REVIEW: ‘The Bee Gees: How Can You Mend A Broken Heart’ (2020) Proves Disco Doesn’t Suck

Rating: 4 out of 5.

“A joy to watch… [a] documentary not so much concerned with hard historical facts as it is with the brothers as they experienced each other, themselves, and their fame.” 

How Can You Mend A Broken Heart begins with the quintessential. A pared down, echoey version of “Stayin’ Alive”—probably the Bee Gees song to end all Bee Gees songs—opens the documentary, the familiar twanging bass guitar and falsetto tones easily luring us in. Then it lets the Brothers Gibb themselves ask its central question: how can you mend a broken heart?

The answer, it would seem, is in the remembering. As the last remaining member of the group, Barry Gibb guides the journey down memory lane, aided by archival interviews with his brothers. Their natural musical talents are frequently showcased, but the documentary ponders more on the wonders—and failures—of their emotional harmony: the brothers, at their best, were of one mind; but at their worst, they were greedy, petty, self and mutually destructive. It feels like a reckoning as the film runs through those difficult years—it’s clear when the brothers feel they could have done better. But in the good times there is clarity, and in clarity, comes the music. It is a real joy to watch the brothers and their band members in their craft, to watch the genesis of lyrics and melodies that would eventually define a decade, a movement. You get the sense that Barry, especially, rekindles a lost joy in remembering his brothers and the music they made together. “My immediate family is gone, but that’s life,” he says at the beginning of the film, “It’s the same thing in every family, that someone will be left in the end. [At] this time in life, I have fantastic memories, but everybody’s memories are different. So they’re just my memories, you know?” In this way, the documentary is not so much concerned with hard historical facts as it is with the brothers as they experienced each other, themselves, and their fame. 

Maurice, Robin, and Barry Gibb singing in concert.
Image courtesy of Getty Images.

Where the documentary falters, however, is in the task of deciding just where to place the Bee Gees in the context of the disco movement. At multiple points, both music industry members and experts and the brothers themselves acknowledge the black, gay roots of the Bee Gees signature sounds: the falsetto pitch, the R&B pulses, the emphasis on dancing and movement. It even address the implicitly racist, homophobic nature of the backlash against disco, though it doesn’t go much deeper. But How Can You Mend A Broken Heart fails to really interrogate the implications of three straight, white men becoming the faces of (and profiting from) a fundamentally black and gay musical phenomenon. In fact, what it doesn’t say about the life and death of disco is enough to make a completely new documentary. So perhaps anything beyond this rudimentary—but nonetheless frank—acknowledgement is asking too much of the film, which firmly asserts that disco, though pivotal in catapulting the Bee Gees to superstardom, was simply one period in a long career of music-making. And again, the film states quite frankly in its opening that it doesn’t necessarily aim to put the Bee Gees in any context so much as it aims to let them explain themselves. But the inspiring work of black artists such as Otis Redding, The Delfonics, and The Mills Brothers is brought up at so frequent an interval that you can’t help but wonder if The Bee Gees know just how much of their careers they owe to black artists.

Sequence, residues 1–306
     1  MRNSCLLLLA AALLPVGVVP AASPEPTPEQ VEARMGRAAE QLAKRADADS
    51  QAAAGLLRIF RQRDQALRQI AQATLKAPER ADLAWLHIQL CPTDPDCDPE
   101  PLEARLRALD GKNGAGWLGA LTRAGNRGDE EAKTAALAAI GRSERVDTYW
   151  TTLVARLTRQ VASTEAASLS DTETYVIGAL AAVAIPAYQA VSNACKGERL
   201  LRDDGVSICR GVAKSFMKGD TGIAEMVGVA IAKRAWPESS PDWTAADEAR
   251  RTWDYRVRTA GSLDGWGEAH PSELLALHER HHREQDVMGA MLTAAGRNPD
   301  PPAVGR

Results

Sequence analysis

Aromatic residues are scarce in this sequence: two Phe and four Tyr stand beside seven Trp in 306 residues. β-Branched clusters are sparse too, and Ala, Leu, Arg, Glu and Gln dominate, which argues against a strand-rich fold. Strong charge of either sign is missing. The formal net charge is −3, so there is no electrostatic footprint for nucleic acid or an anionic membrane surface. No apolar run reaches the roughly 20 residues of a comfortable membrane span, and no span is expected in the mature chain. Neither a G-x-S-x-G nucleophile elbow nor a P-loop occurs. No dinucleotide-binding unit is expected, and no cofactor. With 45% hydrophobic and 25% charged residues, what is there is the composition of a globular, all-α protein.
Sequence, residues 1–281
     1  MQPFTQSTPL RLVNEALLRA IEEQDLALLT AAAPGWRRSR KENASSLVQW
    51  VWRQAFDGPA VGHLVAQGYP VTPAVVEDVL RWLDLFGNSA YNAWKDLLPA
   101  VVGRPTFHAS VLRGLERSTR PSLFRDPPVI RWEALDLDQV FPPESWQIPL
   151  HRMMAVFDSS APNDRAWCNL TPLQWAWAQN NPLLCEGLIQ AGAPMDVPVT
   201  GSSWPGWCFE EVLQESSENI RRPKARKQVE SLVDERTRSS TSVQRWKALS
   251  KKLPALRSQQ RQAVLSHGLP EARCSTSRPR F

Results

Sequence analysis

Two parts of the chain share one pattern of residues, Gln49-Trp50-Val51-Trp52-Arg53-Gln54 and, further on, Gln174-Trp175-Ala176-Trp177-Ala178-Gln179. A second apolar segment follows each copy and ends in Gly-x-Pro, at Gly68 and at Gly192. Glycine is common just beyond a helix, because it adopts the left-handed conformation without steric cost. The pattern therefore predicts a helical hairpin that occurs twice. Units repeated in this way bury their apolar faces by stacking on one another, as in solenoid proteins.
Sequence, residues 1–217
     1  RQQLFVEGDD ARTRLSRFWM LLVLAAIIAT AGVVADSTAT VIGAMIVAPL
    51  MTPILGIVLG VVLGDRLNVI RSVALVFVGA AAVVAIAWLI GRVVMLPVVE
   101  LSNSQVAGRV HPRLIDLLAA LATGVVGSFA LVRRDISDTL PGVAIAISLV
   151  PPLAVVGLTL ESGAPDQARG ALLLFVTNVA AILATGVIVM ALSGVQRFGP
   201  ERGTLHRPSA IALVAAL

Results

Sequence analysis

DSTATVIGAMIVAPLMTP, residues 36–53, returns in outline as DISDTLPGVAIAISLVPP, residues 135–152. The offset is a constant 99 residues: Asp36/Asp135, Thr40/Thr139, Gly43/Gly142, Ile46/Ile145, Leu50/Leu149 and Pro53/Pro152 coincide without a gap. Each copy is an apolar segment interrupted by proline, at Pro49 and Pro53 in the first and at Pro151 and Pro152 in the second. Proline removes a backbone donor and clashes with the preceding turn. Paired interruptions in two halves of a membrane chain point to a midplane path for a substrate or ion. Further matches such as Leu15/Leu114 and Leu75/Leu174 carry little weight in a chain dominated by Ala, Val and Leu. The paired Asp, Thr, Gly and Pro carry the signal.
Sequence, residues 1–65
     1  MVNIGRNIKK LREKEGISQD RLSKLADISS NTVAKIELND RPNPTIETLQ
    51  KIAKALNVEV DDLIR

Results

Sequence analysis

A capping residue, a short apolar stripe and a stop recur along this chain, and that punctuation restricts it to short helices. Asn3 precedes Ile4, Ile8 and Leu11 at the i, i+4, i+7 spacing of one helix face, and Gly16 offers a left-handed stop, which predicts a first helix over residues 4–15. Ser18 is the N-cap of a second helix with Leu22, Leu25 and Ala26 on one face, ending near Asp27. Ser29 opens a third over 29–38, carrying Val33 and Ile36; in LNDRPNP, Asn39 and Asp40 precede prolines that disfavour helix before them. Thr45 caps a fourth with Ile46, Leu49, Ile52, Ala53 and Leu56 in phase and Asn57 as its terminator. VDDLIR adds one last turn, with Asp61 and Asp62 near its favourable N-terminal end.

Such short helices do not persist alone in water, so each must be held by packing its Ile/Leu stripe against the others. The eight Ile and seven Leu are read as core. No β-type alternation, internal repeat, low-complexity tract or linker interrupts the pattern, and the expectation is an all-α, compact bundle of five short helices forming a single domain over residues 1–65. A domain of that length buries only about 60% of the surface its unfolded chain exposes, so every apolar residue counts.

Maurice, Barry, and Robin Gibb walking down the street in their "Stayin' Alive" music video.
The Bee Gees in their “Stayin’ Alive” music video. Image courtesy of Capitol Music Group.

The documentary works hard to highlight the range of the Bee Gees discography and to establish their work as art, as opposed to the empty, corporatized disco that followed their hit (and frankly, genius) soundtrack for Saturday Night Fever (1977), but it works harder to explain the group as a literal band of brothers. Here are three people, it says, who could not have succeeded without each other, and who, without the others, are incomplete. It’s mentioned multiple times that, although Barry was older than twins Robin and Maurice, they often thought of themselves as triplets, and the documentary makes it clear that that kind of bone-deep closeness was the key to everything for the Gibbs. It’s a bittersweet truth to realize, especially in light of Maurice’s death in 2003 and Robin’s in 2012, but it best explains why the Bee Gees endure to this day: they took that togetherness and made it into something we could all enjoy and take part in, and the documentary, in allowing Barry Gibb re-access those lost parts of himself and try the process of mending his broken heart, does the same. 

Director: Frank Marshall

Producers: Nigel Sinclair, Jeanne Elfant Festa, Mark Monroe, Frank Marshall

Cast: Barry Gibb, Maurice Gibb, Robin Gibb

Release Date: December 12, 2020

Available on: HBOMax